We studied how the "experts" did it. Some have a piece of cardboard or foil that goes under the bag -- as it rained earlier in the day, this was brilliant. I saw most people folded down the top of the bags, which gave it extra stability, making it easier to withstand the wind. Back home I went and folded the tops of the bags. Soon we'll be the experts and people will be visiting our neighborhood to see the marvelous display. Or not. There is at least one other neighborhood that has the same display. The more years it happens, the more houses that participate, and the more spectacular it all looks.

Merry Christmas. I hope Santa found your house even if you didn't have bags showing him the way.

Monday, December 12, 2016

ZooLights (National Zoo)

For Don's birthday this year I bought him a membership to the National Zoo. On the surface this seems like a silly gift since the zoo is free to visit, and we live 3 1/2 hours away, making visits planned rather than spontaneous. This makes our third trip to DC in 2016. The first was because FONZ (Friends of the National Zoo) members received an early peak at Bei Bei -- the newest panda. We went down to see Bao Bao on her opening display weekend and waited in line for two hours and still didn't see her. With membership, we did not have a line, but we still didn't see much.

We went back in May when Ashley had an odd day off. That time we slept over in Maryland and visited as the zoo was opening up for the day. That was fun! We saw Bei Bei spend most of his day hanging out in a tree about 10 feet away from his adoring public.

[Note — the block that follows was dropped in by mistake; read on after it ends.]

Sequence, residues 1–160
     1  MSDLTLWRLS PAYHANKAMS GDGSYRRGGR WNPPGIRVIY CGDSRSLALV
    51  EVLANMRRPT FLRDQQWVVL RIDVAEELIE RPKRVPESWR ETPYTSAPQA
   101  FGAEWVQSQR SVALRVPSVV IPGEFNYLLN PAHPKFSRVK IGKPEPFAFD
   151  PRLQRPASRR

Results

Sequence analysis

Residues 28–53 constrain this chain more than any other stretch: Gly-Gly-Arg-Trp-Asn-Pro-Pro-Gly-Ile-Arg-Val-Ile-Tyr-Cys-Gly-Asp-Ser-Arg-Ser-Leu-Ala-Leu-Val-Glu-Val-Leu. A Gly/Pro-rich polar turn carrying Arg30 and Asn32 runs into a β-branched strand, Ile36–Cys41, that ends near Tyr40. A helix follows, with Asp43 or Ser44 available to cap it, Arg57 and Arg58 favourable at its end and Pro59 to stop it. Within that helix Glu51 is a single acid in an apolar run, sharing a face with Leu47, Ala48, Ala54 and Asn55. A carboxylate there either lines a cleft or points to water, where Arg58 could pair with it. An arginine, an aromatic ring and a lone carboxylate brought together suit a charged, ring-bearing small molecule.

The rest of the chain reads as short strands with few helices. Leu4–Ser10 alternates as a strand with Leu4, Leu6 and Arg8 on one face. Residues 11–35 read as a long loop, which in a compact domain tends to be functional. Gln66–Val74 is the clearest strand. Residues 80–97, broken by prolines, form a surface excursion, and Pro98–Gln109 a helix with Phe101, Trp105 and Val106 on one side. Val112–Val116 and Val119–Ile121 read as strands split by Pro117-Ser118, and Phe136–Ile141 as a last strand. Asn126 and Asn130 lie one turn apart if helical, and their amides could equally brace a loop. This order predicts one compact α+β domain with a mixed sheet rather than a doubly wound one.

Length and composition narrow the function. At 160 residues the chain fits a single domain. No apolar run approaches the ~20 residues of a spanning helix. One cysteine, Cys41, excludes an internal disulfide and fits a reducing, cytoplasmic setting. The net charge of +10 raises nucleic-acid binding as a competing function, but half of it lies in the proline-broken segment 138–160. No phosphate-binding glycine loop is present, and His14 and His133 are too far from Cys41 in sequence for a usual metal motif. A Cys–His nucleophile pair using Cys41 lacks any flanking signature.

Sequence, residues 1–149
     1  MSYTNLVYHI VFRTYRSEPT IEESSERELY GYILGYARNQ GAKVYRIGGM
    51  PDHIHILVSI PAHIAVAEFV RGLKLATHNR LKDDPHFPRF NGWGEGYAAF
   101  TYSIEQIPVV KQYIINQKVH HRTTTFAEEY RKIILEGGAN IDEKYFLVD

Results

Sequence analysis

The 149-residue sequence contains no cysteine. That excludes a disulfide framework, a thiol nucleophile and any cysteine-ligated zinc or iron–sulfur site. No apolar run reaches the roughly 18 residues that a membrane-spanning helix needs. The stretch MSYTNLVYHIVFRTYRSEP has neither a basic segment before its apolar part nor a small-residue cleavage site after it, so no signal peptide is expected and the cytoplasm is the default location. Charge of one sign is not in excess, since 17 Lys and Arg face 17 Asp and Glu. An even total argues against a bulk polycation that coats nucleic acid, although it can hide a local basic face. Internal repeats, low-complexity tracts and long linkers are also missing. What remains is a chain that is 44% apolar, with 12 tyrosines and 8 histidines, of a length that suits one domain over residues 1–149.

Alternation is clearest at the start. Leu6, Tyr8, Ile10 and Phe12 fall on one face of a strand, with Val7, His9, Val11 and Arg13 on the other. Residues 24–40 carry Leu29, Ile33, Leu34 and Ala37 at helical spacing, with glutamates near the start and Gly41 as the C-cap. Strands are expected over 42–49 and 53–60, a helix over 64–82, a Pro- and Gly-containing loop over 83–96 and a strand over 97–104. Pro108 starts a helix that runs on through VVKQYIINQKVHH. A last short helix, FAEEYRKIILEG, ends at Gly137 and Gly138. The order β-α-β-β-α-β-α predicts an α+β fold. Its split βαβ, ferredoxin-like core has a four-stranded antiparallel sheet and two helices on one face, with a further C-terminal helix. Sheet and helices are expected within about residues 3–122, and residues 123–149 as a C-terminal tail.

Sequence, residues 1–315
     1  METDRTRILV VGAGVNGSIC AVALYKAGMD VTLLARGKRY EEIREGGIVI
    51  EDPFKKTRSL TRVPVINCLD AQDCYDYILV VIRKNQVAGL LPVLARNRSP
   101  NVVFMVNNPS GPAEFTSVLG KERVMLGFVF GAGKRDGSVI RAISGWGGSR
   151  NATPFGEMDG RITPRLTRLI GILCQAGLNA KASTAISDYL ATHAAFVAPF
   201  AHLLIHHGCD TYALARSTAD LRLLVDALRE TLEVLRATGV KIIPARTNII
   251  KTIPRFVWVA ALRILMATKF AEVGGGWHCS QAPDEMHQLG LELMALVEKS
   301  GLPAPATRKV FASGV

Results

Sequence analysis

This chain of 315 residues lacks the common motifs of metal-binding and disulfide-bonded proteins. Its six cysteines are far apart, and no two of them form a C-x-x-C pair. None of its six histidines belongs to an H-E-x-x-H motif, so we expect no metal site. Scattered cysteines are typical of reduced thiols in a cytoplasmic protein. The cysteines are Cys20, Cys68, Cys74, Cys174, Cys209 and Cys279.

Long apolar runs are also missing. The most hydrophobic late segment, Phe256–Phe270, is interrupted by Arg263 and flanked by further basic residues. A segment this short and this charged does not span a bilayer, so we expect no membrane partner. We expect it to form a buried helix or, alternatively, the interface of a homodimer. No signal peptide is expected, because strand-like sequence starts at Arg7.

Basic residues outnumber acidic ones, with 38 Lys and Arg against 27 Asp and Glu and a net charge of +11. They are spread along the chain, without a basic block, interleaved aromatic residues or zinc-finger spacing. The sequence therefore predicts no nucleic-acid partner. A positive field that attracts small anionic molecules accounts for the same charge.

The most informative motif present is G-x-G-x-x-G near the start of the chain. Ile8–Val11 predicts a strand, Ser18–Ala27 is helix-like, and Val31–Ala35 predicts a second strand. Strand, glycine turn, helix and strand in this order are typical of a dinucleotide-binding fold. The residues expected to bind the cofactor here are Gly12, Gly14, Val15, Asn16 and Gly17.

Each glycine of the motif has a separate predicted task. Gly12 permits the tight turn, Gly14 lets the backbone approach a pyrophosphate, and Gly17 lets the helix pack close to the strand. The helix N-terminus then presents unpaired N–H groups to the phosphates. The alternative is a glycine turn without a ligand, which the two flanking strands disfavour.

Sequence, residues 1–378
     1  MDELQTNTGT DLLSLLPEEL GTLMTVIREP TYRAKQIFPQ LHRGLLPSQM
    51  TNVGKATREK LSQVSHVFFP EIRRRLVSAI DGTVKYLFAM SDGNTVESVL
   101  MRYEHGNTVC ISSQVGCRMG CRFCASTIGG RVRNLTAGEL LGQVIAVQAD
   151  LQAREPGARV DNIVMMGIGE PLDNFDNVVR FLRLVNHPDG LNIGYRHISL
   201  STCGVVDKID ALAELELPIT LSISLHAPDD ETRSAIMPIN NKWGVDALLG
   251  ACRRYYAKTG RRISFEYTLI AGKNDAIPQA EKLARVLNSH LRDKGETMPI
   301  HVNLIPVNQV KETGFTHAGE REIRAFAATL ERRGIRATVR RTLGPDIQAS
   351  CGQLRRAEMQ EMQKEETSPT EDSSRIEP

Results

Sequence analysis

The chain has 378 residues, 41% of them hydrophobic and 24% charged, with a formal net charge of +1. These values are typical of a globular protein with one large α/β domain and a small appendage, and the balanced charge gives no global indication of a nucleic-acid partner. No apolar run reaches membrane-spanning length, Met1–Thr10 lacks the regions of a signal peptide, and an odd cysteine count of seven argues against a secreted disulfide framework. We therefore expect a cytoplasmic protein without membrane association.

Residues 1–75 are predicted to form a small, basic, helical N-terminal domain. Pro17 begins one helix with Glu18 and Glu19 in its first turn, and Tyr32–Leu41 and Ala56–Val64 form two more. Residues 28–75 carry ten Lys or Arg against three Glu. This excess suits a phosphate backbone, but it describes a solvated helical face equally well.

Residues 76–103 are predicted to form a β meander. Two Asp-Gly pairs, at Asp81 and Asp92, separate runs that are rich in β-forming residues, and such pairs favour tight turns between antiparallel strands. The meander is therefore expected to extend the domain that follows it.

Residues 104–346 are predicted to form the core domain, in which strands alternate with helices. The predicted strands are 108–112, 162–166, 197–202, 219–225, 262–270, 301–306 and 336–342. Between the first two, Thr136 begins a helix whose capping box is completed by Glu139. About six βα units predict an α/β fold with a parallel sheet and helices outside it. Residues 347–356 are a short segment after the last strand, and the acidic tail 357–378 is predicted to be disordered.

This trip was on Immaculate Conception, a day Catholic schools have off, but not public schools. Don continues to recover from open heart surgery and is job hunting. Ashley did not want to go, so she spent the day with my parents. Don and I had fun. The draw for going this time of year was ZooLights --something we saw being taken down in January.

Our timing was a bit off. We made it to the zoo at 3:45, not realizing the buildings close at 4pm in the winter. Fortunately due to ZooLights, some of the buildings remained open through the event, and some of the others stayed open until 4:45. We did see the panda bears (which we made our first stop). Papa panda Tian Tian was sleeping just out of view.

Mama Mei Xing was outside

Baby Bei Bei was recovering from intestinal surgery
two weeks earlier (bamboo got lodged in his intestines)

Big sister Bao Bao was chomping away on bamboo

We also saw a zookeeper feed the red pandas.

Perhaps the cutest sight of the day was seeing the mama and baby orangutan. The look of love in her eyes is universal.

The reptile house, Think Tank, and small mammal houses stayed open throughout the event. Also happening that evening was Date Night. For $65 a couple ($50 for FONZ members) you got "free" hot toddy, champagne toast, sweet treat, and rides on the carousel, snowless snow tube, and train. Um... okay. As FONZ members we got 8 tickets total to the carousel, snow tub, and train. The tickets we didn't use we gave to a family with small children to enjoy. The person who bought her ticket through Groupon thought it was an awesome deal.

After being kicked out of the orangutan house (that baby was so cute) we rode the carousel and the train. By now it was getting dark enough to appreciate the lights.

Due to some confusion, we met Panda Claws (I think his name is misspelled):

With the temperature at 48 degrees, it was not nearly as cold as we feared it might be. I was jealously watching the runners enjoy the nice night. Unfortunately it wasn't as nice in Lawrenceville as it was in DC.